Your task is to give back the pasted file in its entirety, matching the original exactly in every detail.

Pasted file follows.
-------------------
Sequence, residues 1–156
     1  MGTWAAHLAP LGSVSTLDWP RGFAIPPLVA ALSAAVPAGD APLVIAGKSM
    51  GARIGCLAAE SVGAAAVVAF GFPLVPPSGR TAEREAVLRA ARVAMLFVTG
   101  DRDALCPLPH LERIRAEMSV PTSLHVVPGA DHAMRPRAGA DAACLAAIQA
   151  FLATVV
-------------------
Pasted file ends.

Sequence, residues 1–156
     1  MGTWAAHLAP LGSVSTLDWP RGFAIPPLVA ALSAAVPAGD APLVIAGKSM
    51  GARIGCLAAE SVGAAAVVAF GFPLVPPSGR TAEREAVLRA ARVAMLFVTG
   101  DRDALCPLPH LERIRAEMSV PTSLHVVPGA DHAMRPRAGA DAACLAAIQA
   151  FLATVV